What? WHAT? Like the fire department doesn’t know anything about the hazards of natural gas?

And when, by the way, does the fire department defer to anyone? When there’s distinct danger in the air, the fire department has a responsibility to act.

On Tuesday, KCFD was the public’s strongest representative at the scene. The crew captain or battalion chief — whoever was in charge when that first truck arrived — could have, should have, said, “This doesn’t smell good to me…Let’s check this out a little further.”

4. Mayor Sly James. Like the fire department, he abdicated his duty to the public on Wednesday.

In a morning news conference, James deflected questions about who might be to blame, saying that simply that an investigation was underway.

“Now I understand everybody wants to know what happened, wants to blame somebody,” James said. “Everybody wants to know these details, but let me just assure you that’s not going to happen today.”


Mayor Slay James and Fire Chief Paul Berardi

That statement was OK, as far as it went. But the situation begged for much, much more.

What he should have added, emphatically, is something like this: “I assure you we are going to get to the bottom of this. This tragedy has raised plenty of questions, and I am going to make sure that every question is answered. We will let the chips fall where they may.”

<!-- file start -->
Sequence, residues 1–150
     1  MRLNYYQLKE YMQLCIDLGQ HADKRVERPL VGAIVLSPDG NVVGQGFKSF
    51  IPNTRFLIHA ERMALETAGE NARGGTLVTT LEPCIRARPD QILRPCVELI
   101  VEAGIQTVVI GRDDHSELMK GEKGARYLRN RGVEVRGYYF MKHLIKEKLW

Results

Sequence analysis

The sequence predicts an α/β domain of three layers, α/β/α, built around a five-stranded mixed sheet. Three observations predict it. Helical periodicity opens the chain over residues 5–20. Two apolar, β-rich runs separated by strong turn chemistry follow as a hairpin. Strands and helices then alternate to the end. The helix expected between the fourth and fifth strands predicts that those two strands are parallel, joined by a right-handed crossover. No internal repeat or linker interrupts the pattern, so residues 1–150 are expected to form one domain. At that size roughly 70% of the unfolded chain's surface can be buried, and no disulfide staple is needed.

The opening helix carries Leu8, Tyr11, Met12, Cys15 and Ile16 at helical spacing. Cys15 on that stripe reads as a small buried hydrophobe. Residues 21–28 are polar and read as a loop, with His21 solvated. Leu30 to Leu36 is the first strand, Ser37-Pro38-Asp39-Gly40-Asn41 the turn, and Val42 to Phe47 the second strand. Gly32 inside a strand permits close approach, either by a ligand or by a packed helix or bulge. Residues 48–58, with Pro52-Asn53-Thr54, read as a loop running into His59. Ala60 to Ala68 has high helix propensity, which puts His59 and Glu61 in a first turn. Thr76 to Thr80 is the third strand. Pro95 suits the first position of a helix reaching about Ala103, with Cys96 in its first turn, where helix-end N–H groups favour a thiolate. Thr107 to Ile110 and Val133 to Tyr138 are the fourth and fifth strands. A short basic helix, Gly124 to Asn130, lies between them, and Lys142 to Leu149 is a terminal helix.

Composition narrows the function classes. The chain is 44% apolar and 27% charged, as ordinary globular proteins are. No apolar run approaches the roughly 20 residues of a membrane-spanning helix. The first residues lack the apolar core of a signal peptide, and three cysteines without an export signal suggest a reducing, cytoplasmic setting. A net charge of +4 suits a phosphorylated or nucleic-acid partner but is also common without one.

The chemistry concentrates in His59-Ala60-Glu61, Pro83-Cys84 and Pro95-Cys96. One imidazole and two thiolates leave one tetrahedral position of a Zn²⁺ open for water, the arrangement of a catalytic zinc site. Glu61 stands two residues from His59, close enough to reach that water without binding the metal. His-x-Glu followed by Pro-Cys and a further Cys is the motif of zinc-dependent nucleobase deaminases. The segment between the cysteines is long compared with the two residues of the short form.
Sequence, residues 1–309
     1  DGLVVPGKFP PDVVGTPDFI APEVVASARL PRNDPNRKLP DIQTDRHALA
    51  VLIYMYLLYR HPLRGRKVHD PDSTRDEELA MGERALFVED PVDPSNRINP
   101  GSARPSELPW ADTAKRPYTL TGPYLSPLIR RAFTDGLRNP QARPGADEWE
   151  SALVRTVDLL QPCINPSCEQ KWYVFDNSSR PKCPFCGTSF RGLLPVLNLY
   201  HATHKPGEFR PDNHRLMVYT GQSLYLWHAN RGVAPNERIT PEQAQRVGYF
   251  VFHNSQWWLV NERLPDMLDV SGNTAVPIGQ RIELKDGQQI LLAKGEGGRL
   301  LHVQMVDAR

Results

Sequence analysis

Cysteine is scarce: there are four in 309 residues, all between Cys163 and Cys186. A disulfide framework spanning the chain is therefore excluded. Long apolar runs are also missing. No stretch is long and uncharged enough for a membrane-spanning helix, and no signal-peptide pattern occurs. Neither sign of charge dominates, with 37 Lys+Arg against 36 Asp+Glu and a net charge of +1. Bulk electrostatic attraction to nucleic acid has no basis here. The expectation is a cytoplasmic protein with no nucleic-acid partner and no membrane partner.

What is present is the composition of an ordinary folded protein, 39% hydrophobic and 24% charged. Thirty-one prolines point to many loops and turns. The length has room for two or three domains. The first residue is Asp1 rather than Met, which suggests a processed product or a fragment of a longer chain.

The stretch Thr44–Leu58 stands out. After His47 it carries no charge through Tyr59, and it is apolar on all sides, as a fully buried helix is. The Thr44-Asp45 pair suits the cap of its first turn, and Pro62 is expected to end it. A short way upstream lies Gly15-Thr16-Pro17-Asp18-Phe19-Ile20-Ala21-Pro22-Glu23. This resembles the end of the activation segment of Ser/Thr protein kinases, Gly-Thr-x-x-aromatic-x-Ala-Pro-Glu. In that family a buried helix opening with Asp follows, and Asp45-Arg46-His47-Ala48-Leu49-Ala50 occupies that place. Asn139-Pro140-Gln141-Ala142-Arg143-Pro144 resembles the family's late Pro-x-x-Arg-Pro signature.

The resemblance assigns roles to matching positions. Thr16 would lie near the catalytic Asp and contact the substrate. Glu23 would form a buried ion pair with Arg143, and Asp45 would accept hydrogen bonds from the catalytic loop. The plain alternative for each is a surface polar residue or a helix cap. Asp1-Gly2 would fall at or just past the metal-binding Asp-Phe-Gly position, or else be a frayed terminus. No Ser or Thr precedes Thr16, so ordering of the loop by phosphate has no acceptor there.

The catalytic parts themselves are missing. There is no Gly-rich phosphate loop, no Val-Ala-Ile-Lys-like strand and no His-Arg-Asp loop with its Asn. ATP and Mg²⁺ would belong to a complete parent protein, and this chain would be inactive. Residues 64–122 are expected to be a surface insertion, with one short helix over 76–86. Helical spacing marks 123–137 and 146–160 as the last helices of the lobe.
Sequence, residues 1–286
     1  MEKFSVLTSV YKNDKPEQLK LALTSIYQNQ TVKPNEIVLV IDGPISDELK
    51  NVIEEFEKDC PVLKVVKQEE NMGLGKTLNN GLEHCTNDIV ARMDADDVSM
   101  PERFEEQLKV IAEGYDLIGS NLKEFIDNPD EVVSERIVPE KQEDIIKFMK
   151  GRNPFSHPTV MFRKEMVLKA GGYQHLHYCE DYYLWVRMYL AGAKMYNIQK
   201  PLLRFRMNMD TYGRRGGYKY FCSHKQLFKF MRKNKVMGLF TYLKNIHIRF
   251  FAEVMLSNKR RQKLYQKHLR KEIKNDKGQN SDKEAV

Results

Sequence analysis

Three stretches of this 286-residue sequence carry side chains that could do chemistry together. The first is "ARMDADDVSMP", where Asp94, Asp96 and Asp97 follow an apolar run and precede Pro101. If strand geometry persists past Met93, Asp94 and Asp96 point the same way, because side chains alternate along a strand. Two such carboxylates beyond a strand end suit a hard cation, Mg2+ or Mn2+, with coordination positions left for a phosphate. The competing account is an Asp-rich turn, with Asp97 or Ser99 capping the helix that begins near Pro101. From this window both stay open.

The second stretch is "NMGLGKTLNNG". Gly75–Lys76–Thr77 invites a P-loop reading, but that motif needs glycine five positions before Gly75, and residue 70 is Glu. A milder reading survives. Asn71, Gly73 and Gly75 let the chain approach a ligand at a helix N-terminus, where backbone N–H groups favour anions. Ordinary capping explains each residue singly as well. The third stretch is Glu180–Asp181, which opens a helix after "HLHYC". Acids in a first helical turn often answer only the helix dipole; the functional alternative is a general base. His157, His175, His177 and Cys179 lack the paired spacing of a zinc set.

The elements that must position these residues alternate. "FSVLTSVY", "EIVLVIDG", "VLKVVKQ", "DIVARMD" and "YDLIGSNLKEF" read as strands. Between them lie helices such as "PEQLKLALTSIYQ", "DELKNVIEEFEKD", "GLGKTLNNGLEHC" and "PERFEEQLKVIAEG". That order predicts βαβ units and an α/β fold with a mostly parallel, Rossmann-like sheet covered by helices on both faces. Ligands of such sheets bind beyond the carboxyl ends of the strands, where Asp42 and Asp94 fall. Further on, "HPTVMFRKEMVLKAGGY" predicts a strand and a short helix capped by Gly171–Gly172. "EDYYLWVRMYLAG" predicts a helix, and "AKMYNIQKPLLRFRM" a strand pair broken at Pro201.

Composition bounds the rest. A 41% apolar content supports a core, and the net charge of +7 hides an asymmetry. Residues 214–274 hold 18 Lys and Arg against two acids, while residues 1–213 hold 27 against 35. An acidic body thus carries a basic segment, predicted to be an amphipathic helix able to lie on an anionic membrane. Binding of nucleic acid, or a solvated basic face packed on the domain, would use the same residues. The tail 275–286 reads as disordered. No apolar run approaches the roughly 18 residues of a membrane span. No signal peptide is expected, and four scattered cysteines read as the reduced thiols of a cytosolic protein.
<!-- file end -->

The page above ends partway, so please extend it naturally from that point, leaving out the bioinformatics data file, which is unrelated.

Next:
Remember when the skywalks at the Hyatt collapsed, killing 113 people?

The day after it occurred (maybe the second day), Mayor Richard Berkley stood up to Don Hall, Hallmark and other deep-pocketed, vested interests and called for a federal investigation. Then-Sen. Thomas F. Eagleton got involved and a full-scale investigation got underway almost immediately.

Berkley didn’t say, “Let me assure you that (the search for answers) is not going to happen today.”


James’s attitude is going to have to change, and quickly. The public will demand it. What James didn’t seem to take into account yesterday was the anger that was, and is, coming to a boil.

The Star reporters showed us exactly what that looks like when they quoted the executive director of a foundation that has offices immediately north of JJ’s.

“I’m really, really angry,” said Gayla Brockman. “I honestly don’t get it.”

She smelled the gas slightly more than an hour before the explosion, and it was so strong that it nauseated her.

People with Heartland Midwest, MGE and the fire department smelled gas, too…Why didn’t any of them act quickly, in the interests of public safety? 

And why wasn’t Mayor James demanding answers the day after a tragedy that will not soon be forgotten?

I want to know. And my fellow Kansas Citians want to know.

And there must be accountability.